Grace is a rising senior interning at Legal Momentum this summer.
The first thing I did today was retweet a New York Times article titled, “Women as the Family Breadwinner on the Rise, Study Says.” “YES. GREAT TO SEE. LET ME SHARE THAT,” I thought. Dig a little deeper and you are reminded why 4 out of 10 households with underage children depend on the mother’s income for survival… there is no father within the household to provide. The women in nearly two-thirds of these households are single parents. This study reflects the extreme difference in family dynamics from 50 years ago when the number of breadwinning women was just a fourth of what it is today. On a more empowering note, the article also shows the immense growth in the percentage of women who make more money than their husbands…almost 25% compared to just 6% in 1960! Even if the woman has no choice but to be the main financial supporter for her family, the statistics are there… women can do it!
I love seeing evidence that women are capable of filling traditionally male roles. For me, it does so much more than prove that women deserve ample education and work opportunities. It helps me justify my feminism. I have no fear sharing my views on women’s rights knowing that women REALLY ARE as good as men. I almost can’t believe that that concept isn’t understood and still needs defense, but even though it’s the 21st century, there are bounteous demonstrations of the notion that men are better than women. Rape and domestic violence are just two obvious examples.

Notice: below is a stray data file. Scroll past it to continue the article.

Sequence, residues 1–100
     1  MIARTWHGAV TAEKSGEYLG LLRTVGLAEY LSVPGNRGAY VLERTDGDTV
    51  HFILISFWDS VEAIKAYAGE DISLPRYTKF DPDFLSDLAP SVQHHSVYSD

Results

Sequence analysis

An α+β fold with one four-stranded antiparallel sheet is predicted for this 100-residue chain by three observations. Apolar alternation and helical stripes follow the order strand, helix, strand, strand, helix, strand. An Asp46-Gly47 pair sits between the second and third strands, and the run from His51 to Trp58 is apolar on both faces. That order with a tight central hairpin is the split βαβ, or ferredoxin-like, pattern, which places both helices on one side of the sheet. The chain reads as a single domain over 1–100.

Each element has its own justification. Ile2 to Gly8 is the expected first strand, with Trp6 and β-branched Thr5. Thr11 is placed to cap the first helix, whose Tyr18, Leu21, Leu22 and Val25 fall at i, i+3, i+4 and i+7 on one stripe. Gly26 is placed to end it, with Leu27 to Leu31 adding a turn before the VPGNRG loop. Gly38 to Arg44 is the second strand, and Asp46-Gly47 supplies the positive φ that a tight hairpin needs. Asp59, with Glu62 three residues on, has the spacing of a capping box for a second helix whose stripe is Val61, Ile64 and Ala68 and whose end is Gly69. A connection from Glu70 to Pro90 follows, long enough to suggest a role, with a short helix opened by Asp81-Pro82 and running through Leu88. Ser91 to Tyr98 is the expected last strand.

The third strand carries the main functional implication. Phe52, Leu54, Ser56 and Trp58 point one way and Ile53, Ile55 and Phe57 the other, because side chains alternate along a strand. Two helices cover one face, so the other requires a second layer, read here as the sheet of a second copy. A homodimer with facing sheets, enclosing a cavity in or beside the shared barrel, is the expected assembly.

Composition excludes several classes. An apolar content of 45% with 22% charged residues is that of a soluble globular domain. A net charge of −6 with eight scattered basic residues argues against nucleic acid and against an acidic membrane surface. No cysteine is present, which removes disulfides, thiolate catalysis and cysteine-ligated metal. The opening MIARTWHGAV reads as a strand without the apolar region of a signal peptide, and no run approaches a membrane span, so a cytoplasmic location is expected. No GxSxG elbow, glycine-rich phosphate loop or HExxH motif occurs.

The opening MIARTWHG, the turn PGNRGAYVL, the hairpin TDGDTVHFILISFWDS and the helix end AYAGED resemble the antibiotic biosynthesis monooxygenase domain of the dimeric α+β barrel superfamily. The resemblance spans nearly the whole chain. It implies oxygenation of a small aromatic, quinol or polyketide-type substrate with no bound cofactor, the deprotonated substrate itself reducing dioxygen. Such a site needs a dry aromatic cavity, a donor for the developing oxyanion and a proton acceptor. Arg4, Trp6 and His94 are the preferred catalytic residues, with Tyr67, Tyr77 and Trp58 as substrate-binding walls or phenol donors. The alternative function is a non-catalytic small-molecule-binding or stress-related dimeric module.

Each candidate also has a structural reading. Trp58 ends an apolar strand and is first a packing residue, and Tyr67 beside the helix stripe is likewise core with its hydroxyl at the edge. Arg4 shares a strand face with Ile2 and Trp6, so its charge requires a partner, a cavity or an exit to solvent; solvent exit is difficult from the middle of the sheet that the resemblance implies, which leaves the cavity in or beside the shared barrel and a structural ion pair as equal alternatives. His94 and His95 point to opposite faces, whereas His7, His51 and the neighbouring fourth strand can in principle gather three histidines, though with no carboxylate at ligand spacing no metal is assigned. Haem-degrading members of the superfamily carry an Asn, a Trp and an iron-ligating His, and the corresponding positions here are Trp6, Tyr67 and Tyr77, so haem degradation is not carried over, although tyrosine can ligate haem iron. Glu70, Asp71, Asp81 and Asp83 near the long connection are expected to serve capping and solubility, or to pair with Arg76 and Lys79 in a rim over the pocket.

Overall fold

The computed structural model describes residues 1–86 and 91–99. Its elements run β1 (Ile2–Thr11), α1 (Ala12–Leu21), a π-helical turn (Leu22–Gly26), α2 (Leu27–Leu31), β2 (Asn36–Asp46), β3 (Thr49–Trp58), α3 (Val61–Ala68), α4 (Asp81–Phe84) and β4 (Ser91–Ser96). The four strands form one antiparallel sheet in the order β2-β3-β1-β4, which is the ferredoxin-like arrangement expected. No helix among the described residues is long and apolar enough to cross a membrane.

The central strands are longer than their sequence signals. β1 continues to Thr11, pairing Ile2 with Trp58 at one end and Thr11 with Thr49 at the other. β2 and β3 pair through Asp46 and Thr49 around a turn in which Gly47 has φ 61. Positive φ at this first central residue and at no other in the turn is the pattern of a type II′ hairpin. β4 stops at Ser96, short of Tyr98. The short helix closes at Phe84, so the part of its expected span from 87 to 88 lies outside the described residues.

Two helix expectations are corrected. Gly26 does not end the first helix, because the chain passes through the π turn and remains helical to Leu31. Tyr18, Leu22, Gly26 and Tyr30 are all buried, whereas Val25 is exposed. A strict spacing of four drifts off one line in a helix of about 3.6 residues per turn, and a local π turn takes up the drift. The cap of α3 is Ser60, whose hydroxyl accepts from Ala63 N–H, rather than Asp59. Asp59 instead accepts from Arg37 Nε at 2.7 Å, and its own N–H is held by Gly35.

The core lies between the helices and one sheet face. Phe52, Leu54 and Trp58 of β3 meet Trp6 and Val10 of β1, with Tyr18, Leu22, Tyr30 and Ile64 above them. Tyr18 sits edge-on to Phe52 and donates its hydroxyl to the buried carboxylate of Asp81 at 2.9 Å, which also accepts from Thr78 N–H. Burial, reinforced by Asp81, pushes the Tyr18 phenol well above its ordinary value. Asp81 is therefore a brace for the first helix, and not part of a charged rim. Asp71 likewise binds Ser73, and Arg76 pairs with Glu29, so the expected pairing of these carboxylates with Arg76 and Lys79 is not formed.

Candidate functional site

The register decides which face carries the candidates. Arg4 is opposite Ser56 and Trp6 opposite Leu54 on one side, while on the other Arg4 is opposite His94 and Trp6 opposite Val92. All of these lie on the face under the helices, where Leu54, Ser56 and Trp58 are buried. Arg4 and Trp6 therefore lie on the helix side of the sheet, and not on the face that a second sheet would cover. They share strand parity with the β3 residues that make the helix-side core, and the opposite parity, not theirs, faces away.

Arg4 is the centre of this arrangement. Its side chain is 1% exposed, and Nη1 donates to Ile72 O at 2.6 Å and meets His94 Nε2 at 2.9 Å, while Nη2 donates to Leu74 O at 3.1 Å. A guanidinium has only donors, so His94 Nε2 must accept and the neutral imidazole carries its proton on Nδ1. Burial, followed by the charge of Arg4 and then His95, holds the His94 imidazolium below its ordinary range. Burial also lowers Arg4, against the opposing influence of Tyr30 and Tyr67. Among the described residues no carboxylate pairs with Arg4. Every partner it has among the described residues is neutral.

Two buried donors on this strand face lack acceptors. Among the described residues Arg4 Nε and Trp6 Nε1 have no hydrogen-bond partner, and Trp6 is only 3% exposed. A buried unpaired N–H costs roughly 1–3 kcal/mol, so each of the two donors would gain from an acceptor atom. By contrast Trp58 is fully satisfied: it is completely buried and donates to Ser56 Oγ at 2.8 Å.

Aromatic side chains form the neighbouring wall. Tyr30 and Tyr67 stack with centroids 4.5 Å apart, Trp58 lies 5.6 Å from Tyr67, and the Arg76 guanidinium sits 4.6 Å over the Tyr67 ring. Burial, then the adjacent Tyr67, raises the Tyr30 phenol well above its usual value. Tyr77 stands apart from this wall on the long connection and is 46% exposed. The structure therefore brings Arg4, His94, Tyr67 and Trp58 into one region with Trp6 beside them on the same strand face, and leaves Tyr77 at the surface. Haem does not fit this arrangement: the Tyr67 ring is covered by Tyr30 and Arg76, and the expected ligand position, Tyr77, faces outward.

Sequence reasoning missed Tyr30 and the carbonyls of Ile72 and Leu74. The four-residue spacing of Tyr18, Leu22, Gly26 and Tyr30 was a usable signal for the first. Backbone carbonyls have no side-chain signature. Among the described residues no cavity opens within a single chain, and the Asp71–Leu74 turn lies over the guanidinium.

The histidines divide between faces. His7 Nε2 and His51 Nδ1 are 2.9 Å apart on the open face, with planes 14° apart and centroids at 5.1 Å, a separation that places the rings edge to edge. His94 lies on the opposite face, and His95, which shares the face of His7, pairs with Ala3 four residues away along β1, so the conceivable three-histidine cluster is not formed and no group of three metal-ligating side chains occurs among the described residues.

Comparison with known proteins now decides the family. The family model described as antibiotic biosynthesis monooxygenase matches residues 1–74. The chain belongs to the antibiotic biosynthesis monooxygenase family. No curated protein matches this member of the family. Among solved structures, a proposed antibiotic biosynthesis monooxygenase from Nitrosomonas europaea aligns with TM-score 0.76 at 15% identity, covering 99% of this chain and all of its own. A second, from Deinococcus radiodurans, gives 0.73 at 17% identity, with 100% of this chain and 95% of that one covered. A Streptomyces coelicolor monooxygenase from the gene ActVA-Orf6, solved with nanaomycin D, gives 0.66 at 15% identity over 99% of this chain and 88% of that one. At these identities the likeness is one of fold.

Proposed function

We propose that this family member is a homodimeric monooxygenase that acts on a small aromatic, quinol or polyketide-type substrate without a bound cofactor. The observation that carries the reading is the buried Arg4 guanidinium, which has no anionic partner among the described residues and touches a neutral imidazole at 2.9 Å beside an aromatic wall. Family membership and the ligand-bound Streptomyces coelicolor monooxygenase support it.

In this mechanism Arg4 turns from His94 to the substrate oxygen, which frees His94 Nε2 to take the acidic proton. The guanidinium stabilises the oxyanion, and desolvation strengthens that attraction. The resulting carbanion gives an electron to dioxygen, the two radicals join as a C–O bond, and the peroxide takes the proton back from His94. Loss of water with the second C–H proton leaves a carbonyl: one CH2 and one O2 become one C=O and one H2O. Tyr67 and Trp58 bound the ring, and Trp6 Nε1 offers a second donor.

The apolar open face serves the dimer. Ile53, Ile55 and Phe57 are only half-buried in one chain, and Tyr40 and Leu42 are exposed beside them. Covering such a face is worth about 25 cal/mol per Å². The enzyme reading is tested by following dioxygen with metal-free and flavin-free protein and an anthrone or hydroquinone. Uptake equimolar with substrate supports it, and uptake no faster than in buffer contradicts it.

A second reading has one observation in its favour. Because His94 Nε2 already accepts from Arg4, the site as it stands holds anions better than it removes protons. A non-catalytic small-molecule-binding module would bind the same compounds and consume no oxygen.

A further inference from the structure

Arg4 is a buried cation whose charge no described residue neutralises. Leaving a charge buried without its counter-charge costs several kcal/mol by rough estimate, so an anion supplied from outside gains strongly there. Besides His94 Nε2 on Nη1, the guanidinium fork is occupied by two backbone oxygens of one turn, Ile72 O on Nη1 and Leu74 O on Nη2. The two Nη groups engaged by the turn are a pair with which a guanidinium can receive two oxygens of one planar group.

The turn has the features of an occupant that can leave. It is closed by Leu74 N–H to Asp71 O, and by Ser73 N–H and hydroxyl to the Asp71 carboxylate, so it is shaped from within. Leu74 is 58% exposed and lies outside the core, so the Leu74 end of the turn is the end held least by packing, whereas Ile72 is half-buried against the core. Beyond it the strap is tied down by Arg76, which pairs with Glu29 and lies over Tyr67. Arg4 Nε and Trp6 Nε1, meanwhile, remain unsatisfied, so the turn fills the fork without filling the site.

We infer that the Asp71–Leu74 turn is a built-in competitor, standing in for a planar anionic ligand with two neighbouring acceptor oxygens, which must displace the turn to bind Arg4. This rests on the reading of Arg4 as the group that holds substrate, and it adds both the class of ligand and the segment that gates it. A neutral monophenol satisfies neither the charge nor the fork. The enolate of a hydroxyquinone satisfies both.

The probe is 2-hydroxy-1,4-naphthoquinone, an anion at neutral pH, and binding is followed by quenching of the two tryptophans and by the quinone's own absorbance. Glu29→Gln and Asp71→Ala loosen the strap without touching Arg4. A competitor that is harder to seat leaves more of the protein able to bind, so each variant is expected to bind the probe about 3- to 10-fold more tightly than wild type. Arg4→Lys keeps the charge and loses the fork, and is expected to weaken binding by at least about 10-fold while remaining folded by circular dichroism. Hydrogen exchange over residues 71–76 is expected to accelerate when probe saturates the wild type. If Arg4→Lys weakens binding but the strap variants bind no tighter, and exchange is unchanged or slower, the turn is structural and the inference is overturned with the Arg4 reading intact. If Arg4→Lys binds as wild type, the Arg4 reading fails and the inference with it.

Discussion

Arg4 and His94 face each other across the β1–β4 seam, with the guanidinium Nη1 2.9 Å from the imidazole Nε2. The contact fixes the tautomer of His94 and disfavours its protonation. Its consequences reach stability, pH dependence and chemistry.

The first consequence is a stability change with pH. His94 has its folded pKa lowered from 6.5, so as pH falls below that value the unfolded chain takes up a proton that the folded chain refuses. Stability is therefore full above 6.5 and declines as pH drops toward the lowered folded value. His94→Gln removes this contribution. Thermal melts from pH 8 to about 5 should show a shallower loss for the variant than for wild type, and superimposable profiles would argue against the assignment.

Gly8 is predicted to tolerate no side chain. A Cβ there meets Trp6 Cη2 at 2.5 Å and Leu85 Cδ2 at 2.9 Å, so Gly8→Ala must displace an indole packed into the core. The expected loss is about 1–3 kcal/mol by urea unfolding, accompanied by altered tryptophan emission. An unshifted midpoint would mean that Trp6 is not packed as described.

I hope that working with Legal Momentum in the Equality Works program will help me structure my feminism. It seems everyday I boil over misogynistic things I notice on the news, in social media, or from friends and family, but there’s no release. I end my internal rants over how outrageous this world and men are with no satisfaction. And if I do vocalize my feelings, the reception from those I trust with my rage is unsatisfactory. I couldn’t be more excited to work with other feminists in a professional setting.
So far I’ve gathered that Equality Works mainly supports female construction workers to stay in the field. Working with this cause will be refreshing. I have never worked with policy. I’ve never looked into sexism within the construction industry. I’ve never even met a female construction worker. Getting familiar with these three things probably won’t take long. While stereotypical intern tasks like filing and excel spreadsheets might make it hard to see the effect of Equality Work’s mission in this very real, very patriarchal world, I can clearly see how helping women move forward in their career affects the women’s movement. Statistics, like the one that I chose to pass along to all my Twitter followers this morning, require tedious work to change.